Anger Management: Emojis Cloud the Picture

Want to send a mad-as-hell email, but you’re not sure which anger emoji to use? Welcome to chaos. My quick study of over a dozen anger emoji options reveals ambiguity and errors. The two most common depictions of anger show widened eyes combined with downward, inward pinched eyebrows. But that pair of facial muscle activities conveys fear as much as it does anger. Also commonly shown: an open mouth that suggests the presence of surprise and fear rather than anger.

Probably the worst anger emoji belongs to emojidex. After all, a distorted mouth depicts feeling sadness and disgust, not anger. What’s the most accurate anger emoji? The one from OpenMoji. Besides the usual eyes wide and eyebrows down combination, it alone shows a mouth with the lips pressed tight together. The second best anger emoji comes from Facebook. The company has added vertical wrinkles between the eyes with lowered eyebrows. That visual detail emphasizes a specific version of anger, focused concern.

Oddly, none of the anger emojis I reviewed had all of the most reliable tell-tale signs of anger. There are three of them: narrowed eyes, a jutting chin, lips pressed hard together (the opposite of an open, gaping mouth). Time to head back to the drawing board for graphic artists seeking to depict anger.

Anger’s Anatomy – A Deeper Look

Harnessing the Power of Perceptions

Released today: episode 7 of Dan Hill’s EQ Spotlight podcast series, featuring Emily Balcetis, the author of Clearer, Closer, Better:How Successful People See the World. Listen to the clip below and click on the image to get to the new episode.

Ballantine Books 2020

How can we improve our productivity by literally seeing the world differently than before?

Balcetis is an associate professor psychology at New York University. She received her PhD from Cornell University and has authored over 70 scientific publications in addition to being a TED speaker.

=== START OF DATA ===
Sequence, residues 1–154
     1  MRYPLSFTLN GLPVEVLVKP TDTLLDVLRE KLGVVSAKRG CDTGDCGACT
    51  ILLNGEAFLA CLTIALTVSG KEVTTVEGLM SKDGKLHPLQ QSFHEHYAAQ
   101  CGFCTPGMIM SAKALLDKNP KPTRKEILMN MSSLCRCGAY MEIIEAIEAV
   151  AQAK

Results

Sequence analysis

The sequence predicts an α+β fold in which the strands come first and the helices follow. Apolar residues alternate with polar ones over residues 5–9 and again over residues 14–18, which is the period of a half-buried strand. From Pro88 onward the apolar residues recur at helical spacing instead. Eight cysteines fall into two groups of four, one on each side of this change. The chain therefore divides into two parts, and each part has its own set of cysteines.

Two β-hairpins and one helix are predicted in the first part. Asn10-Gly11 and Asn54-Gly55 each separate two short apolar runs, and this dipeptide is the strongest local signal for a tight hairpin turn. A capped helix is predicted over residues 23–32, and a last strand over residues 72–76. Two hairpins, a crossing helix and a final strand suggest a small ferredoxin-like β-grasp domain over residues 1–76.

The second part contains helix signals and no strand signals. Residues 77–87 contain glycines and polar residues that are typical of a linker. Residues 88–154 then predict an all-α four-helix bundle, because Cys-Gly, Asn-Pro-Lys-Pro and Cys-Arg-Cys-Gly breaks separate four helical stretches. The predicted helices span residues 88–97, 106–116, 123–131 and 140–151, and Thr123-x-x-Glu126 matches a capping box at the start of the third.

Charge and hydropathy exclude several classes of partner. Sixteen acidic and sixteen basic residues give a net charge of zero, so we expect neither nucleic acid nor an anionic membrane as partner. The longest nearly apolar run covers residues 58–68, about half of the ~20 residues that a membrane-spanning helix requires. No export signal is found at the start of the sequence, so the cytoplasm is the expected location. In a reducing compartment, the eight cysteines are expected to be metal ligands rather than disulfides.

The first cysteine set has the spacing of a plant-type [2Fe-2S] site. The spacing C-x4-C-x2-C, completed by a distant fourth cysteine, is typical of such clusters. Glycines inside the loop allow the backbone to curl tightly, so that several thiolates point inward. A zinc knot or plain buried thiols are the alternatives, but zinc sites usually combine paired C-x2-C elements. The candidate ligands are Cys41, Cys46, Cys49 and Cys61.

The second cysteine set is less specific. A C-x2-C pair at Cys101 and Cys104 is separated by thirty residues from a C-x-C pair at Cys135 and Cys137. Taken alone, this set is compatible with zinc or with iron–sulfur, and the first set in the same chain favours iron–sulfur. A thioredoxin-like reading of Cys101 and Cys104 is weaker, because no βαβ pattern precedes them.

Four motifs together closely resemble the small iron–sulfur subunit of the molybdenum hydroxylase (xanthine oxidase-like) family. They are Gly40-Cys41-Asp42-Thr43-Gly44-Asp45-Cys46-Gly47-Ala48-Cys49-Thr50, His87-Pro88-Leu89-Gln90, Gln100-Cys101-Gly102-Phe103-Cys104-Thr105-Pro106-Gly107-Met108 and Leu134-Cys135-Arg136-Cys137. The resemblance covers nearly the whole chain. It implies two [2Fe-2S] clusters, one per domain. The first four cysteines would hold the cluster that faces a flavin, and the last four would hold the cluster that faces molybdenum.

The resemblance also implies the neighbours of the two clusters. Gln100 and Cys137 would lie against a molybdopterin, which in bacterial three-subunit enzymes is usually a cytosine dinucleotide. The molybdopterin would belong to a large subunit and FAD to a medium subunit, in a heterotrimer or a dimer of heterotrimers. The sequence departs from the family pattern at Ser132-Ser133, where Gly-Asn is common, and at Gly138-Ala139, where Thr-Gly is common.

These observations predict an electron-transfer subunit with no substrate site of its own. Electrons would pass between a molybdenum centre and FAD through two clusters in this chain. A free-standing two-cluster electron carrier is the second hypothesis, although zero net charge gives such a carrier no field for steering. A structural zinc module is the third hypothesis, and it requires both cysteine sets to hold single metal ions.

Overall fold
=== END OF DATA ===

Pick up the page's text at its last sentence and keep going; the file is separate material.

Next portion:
Topics covered in this episode include:

  • What are the four general perceptual shifts that research suggest make a huge difference in improving our odds of success in tackling projects and other initiatives. 
  • Which emotion or emotions may best fit or spur on each of those four strategies.
  • Of all the research studies that went into this book, which one is Balcetis’s favorite. Why did this optical “trick” lead to double-digit growth in the likelihood of making progress.

Dan Hill, PhD, is the president of Sensory Logic, Inc.

The Emoji Movie Is Deaf, but Not Blind

To go see The Emoji Movie when you know it’s hovering around the 5-7% level of approval on Rotten Tomatoes is a little like booking passage on The Titanic when you’re clairvoyant enough to know it’s soon going to sink. For those who haven’t seen the movie, Gene is the super-expressive emoji who headlines the plot. All in all, The Emoji Movie is as meh as Gene’s listless, indifferent parents are meant to be. When the plot kicks into high gear—Gene heading for the cloud to be reprogrammed to become a one-dimensional, single emotion like the other conforming emojis—the movie paradoxically dies. The great adventure of Gene and his two sidekicks (the emojis Hi-5 and Jailbreak) proves to be a great bore instead. Frenetic, animated action can’t hide the fact that a movie about feelings lacks any itself.